Tue, Apr 21, 2020

Lessons the US can learn from the UAE about the decontamination of COVID-19

MENASource by Theodore Karasik

Coronavirus Middle East The Gulf

Members of a medical team wearing protective suits spray disinfectants on an elevator, after a curfew was imposed to prevent the spread of the coronavirus disease (COVID-19), in Dubai, United Arab Emirates, March 27, 2020 (Reuters)

The COVID-19 pandemic is ushering in a new era by “hotwiring” the fourth Industrial Revolution (4IR). “Hotwire,” in this sense, is defined by historians as a process that forces a historical era to arrive more quickly—a new era being defined by an exponential leap in technology in terms of velocity, scope, fusion, and systems impact.

The speed of current breakthroughs have no historical precedent. When compared with previous industrial revolutions, the 4IR is evolving exponentially rather than linearly. Moreover, it is disrupting almost every industry in every country. The coronavirus pandemic is forcing the onset of 4IR as people stay at home and adapt to a new technological reality. Experts estimate that the United States may have reached around a 20 percent unemployment rate, with a permanent loss of jobs as certain types of work are not expected to revive. In order to catalyze an economic recovery, conditions for the movement of goods and humans must be restored. This unlocking of the lockdown should begin with America’s disinfection.

Cleaning-up the COVID-19 pathogen is a laborious task. Since Gulf countries faced the imported virus prior to it reaching the United States, they were weeks ahead in their thinking on how to prevent a second spike in infection. The United Arab Emirates (UAE) has taken a blended civil-military approach that is worth watching, particularly, in light of the deployment of the US military in support of anti-viral measures. With Ramadan beginning April 23, the UAE’s COVID-19 military-medical/civil defense program involves a campaign that closes and disinfects mosques and Islamic facilities. Dubai completed its campaign on April 12. In the meantime, Islamic distance learning and social separation programs are being implemented, especially, during Ramadan for prayers. Laws targeting the circulation of rumors about COVID-19, such as “panic shopping,” are being rigidly enforced in order to keep civil control. Information about the program is amplified to the faithful by state-supported mosques through the seven Emirates.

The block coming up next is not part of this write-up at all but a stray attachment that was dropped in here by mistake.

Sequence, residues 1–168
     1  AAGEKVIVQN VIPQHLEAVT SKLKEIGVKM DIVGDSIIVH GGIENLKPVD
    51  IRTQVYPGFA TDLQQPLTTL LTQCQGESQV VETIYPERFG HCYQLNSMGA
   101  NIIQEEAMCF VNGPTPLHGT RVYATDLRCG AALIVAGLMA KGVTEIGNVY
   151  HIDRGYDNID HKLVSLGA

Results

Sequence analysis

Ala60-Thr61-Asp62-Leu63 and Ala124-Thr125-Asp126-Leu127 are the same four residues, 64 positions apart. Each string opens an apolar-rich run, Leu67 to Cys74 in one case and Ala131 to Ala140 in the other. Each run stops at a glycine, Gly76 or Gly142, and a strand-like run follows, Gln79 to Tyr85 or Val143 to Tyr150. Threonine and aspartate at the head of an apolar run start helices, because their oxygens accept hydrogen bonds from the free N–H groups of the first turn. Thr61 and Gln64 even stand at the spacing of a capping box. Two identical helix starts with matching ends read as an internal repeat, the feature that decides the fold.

The UAE Civil Defense plan calls for the country to be clean of the pathogen by the Eid al-Fitr holiday celebrating the end of Ramadan on May 25. Between now and then, COVID-19 decontamination spraying is in action across the UAE. This is enabled by a twenty-four-hour a day government restriction on movement, except, for those with an exemption granted by government permit. In Abu Dhabi, Tadweer, the emirate’s waste management company, is tasked with the national eradication of COVID-19 by using a chemical spray.

Neighboring Qatar, Kuwait, Oman, and Bahrain all have their own programs. Saudi Arabia’s military-medical model is based on Abu Dhabi’s Civil Defense model, including similar lockdown protocols and decontamination programs. Saudi Arabia quickly identified gaps in their port security and border control procedures in several locations around their boundaries, especially, in the eastern governorate of Qatif in order to stop the spread of the contagion coming from Iran by dhow.